BAT conclusions for Large Combustion plants (revision ongoing): LCPs consume a very large amount of water for their cooling towers. An EWEA report estimates that the average water consumption of coal power plants is 1.9m³/MWh and gas 0.7m³/MWh, which totalled 2.07 bn/m³ in 2011, equivalent to average annual household waster use of 41 million EU citizens, see EWEA’s 2014 Report: “Saving water with wind energy” (page 10-11). Initially a few general BAT conclusions to reduce water consumption were proposed, such as avoiding the use of potable water, internal water recycling and segregation/re-use of water streams. Yet the final draft of the new BAT conclusions do not provide clear maximum consumption levels for water but set out vague water recycling objectives with applicability constraints where the:“degree of recycling is limited by the quality requirements of the recipient water stream and the water balance of the plant”.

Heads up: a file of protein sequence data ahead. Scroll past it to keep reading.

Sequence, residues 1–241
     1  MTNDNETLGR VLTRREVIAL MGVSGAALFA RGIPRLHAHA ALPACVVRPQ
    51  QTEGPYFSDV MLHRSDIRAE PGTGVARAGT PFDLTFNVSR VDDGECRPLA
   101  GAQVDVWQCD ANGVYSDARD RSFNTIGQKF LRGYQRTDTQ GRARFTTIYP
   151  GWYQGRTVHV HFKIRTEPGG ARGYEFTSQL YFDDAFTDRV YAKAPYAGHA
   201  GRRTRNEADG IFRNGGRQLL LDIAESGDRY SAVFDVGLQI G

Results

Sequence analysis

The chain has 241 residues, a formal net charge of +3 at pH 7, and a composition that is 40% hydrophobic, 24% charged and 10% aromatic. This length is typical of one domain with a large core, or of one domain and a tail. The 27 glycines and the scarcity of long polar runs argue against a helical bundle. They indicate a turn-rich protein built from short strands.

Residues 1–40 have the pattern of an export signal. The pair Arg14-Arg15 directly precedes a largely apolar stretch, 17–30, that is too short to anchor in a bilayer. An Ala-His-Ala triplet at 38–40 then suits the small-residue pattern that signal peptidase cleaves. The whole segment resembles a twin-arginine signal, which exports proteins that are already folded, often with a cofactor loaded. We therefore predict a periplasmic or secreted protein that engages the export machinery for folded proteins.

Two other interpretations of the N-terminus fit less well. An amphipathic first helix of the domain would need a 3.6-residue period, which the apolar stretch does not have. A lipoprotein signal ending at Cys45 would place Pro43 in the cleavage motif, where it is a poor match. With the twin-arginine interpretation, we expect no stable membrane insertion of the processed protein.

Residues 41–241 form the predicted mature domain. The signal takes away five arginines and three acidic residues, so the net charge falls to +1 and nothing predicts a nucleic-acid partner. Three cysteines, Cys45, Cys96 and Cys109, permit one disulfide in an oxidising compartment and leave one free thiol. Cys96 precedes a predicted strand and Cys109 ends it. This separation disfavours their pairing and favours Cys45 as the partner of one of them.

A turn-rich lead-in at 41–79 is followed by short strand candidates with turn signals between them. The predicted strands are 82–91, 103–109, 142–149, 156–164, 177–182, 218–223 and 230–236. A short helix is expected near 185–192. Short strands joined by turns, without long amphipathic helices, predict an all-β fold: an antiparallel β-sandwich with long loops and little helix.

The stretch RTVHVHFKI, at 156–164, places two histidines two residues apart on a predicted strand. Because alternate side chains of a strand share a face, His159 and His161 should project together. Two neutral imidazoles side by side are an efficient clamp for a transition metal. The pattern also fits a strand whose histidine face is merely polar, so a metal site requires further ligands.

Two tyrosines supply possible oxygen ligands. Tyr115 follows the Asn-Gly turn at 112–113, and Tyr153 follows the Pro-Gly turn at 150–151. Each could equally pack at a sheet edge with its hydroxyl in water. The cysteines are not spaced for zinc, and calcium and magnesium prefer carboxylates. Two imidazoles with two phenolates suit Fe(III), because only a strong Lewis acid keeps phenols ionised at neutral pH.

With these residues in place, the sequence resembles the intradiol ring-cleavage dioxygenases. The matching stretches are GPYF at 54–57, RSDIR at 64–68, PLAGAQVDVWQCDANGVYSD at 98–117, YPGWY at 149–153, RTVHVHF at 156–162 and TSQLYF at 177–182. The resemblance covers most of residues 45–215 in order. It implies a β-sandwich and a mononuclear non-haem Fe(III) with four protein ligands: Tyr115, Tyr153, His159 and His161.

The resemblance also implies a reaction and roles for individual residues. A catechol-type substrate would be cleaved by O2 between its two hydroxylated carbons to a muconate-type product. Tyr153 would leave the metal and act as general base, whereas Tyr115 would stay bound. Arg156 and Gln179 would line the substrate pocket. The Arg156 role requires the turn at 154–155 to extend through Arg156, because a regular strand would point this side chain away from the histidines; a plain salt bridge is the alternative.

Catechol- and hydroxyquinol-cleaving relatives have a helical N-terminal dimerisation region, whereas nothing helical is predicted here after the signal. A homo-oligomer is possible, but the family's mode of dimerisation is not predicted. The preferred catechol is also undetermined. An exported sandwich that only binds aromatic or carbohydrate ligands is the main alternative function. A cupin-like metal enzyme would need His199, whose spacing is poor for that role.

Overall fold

See the ongoing [EEB Water-Thermal Energy Nexus Project].
BAT Conclusions with minimum performance levels on water reuse is only effective if linked to water use efficiency.
Emissions to Water
It is important to ensure consistency with relevant Environmental Quality Standards (EQS) through the BREF BAT conclusions. The IED is explicit in requiring permit writers to ensure that relevant Environment Quality Standards are met (Article 18).
The consistency is not achieved to prevention pollution at source for all the relevant pollutants. As an illustration, the chemical industry emits a large share of priority substances (subject to emission reduction and concentration limits) and priority hazardous substance (subject to phase out obligation) for which reductions must be achieved in surface water at the latest by 2027. Yet not all of these pollutants, reported in the E-PRTR as being emitted every year in large amounts, are effectively tackled.
A good illustration is the recently adopted BAT Conclusions for the Common Waste Water Treatment in chemical industries BREF (the ‘CWW BREF‘). It sets out the general obligation to pre-treat waste water to “reduce emissions” of pollutants that cannot be dealt with during final waste water treatment but adapts (increases) the levels where the emissions leave the installation in accordance to higher input pollution.
|Existing 2003 BREF (mg/l)
|New draft BAT conclusions
|MAC limit WFD / UWWT
|Weakening, with threshold 3.5t/yr and derogation **